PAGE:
Several others were rejected, including language from Democrats calling for the quick withdrawal from Afghanistan, a GOP proposal to cut off aid to Pakistan, and Democratic proposals to stop funding for a new bomber and F-35B aircraft.

Still others have to be decided. Two different camps offered proposals to modify language that now allows the government to permanently detain terrorism suspects; both will be voted on later on Friday.

Two GOP proposals would prohibit the government from making unilateral reductions to U.S. nuclear weapons and limit U.S. cooperation with Russia on nonproliferation activities. These are responses to Republican claims that President Obama is already secretly negotiating with Russia, which are based on Obama's "hot mic" slip that these agreements might get easier after the election. These amendments also await a vote.

Details on these and other amendment votes can be found in earlier posts.

When the House returns Friday at 9 a.m., it might vote immediately on the 18 amendments that need roll call votes from last night. Several others in the last wave from Wednesday/Thursday were disposed of in other ways, which follow here:

• Rep. Phil GingreyJohn (Phil) Phillip Gingrey2017's top health care stories, from ObamaCare to opioids Beating the drum on healthcare Former GOP chairman joins K Street MORE (R-Ga.), expresses the sense of Congress that active military personnel that either live in or are stationed in Washington, D.C., would be exempt from existing District of Columbia firearms restrictions. Accepted voice vote.

• Rep. Doug Lamborn (R-Colo.), limits the availability of funds for Cooperative Threat Reduction activities with Russia until the secretary of Defense can certify that Russia is no longer supporting the Syrian regime and is not providing to Syria, North Korea or Iran any equipment or technology that contributes to the development of weapons of mass destruction. Accepted voice vote.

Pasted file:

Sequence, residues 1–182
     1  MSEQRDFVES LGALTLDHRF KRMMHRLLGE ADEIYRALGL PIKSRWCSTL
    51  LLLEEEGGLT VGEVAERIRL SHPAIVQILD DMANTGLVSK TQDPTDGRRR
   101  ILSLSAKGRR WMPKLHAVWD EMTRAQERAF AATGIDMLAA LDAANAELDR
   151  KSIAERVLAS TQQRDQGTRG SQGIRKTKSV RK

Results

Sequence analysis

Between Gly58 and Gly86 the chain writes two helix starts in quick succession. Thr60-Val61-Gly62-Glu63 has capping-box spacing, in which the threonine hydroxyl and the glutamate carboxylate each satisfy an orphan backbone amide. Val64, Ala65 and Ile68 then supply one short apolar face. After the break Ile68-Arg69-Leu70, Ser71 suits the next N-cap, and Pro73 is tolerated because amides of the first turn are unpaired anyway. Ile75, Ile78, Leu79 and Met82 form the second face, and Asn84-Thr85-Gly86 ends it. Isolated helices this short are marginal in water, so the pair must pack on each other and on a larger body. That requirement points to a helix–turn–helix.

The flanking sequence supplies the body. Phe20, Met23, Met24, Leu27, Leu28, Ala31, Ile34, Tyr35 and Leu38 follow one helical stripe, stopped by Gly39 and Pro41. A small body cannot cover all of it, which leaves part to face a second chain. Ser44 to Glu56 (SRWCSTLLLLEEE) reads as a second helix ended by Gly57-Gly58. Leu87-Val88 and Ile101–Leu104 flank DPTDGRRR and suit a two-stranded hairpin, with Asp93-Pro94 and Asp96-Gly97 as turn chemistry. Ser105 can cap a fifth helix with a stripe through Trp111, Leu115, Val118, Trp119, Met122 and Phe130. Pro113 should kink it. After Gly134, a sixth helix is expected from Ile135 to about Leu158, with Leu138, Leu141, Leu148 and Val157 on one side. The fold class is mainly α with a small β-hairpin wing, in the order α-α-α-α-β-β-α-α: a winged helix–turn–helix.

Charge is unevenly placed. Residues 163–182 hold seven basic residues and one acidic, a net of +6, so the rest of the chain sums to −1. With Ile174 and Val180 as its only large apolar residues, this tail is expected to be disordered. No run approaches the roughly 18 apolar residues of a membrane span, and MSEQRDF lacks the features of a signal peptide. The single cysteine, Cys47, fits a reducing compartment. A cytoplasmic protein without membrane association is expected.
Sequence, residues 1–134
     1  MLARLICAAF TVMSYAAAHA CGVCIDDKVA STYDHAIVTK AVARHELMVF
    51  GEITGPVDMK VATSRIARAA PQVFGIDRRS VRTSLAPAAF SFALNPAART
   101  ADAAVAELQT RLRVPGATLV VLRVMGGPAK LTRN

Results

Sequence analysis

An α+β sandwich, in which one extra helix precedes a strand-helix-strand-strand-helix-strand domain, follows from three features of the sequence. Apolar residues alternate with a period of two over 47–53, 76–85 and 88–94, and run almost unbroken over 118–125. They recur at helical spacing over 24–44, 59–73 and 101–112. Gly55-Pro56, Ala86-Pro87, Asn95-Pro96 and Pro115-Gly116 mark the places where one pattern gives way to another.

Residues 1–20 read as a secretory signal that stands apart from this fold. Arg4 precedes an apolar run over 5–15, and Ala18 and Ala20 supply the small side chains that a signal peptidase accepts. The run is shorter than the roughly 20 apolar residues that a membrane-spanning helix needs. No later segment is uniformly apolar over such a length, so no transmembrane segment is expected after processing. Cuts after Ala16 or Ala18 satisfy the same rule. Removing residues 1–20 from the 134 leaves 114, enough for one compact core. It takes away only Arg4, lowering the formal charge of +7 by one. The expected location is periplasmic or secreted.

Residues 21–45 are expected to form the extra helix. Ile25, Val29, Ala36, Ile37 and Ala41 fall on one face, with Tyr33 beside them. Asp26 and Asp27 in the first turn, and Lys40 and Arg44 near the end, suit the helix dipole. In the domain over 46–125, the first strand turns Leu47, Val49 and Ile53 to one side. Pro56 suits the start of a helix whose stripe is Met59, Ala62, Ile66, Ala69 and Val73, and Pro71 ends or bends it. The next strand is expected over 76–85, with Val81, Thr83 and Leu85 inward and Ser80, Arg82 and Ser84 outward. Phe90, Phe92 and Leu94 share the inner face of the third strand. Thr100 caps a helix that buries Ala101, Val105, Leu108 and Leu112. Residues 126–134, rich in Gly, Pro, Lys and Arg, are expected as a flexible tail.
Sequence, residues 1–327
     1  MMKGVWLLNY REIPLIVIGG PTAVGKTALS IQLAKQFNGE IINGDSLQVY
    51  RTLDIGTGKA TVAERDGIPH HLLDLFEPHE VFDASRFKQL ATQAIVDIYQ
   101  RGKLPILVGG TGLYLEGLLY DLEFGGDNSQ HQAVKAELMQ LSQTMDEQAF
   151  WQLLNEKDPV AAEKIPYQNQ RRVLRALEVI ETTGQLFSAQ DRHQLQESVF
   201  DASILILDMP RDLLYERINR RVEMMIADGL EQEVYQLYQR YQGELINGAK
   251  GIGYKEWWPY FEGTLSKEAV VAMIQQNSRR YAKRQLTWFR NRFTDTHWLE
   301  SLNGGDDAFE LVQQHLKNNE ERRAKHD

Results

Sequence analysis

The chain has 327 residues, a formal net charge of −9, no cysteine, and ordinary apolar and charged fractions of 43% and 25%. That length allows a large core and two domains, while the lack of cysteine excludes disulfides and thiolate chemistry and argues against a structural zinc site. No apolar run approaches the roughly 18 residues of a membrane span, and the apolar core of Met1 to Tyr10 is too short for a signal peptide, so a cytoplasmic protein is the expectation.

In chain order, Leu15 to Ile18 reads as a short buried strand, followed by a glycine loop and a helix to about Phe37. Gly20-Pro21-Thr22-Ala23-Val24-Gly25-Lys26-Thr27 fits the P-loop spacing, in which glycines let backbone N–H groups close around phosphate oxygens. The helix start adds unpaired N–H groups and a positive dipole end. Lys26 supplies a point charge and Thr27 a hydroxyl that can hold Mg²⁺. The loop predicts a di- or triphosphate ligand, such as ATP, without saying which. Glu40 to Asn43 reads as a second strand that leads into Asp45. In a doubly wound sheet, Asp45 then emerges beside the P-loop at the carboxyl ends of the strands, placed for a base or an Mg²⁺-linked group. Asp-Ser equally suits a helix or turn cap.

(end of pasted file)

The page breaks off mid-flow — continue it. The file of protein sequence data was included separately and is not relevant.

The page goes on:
• Rep. Tom PetriThomas (Tom) Evert PetriBreak the cycle of partisanship with infant, child health care programs Combine healthcare and tax reform to bring out the best in both Overnight Tech: Internet lobby criticizes GOP privacy bill | Apple sees security requests for user data skyrocket | Airbnb beefs up lobbying MORE (R-Wis.), clarifies that direct use solar energy technology is considered a renewable energy source for the purposes of the requirement that DOD obtain 25 percent of its facility energy from renewable sources by 2025. Accepted voice vote.

• Rep. Roscoe Bartlett (R-Md.), limits use of certain funds until the submission of a report from the U.S. Marine Corps regarding the proposed transfer of land from the Bureau of Land Management to the U.S. Marine Corps for the expansion of Twenty Nine Palms for a Training Range Facility. Accepted voice vote.

• Rep. Russ Carnahan (D-Mo.) creates a new government entity, the U.S. Office for Contingency Operations (OCO), to manage functions related to contingency operation planning, stabilization and reconstruction operations, and oversight of such interagency functions. Withdrawn.

• Rep. Mike Thompson (D-Calif.), requires the Navy to submit a report to Congress within 120 days of enactment, detailing how the service intends to utilize the National Oceanic and Atmospheric Administration Catacean Density and Distribution Mapping Working Group maps to develop new siting and wildlife mitigation protocols for Navy training and testing activities. Not offered.

• Rep. Connie Mack (R-Fla.), clarifies the language of the Sunken Military Craft Act to restore its original intent. Not offered.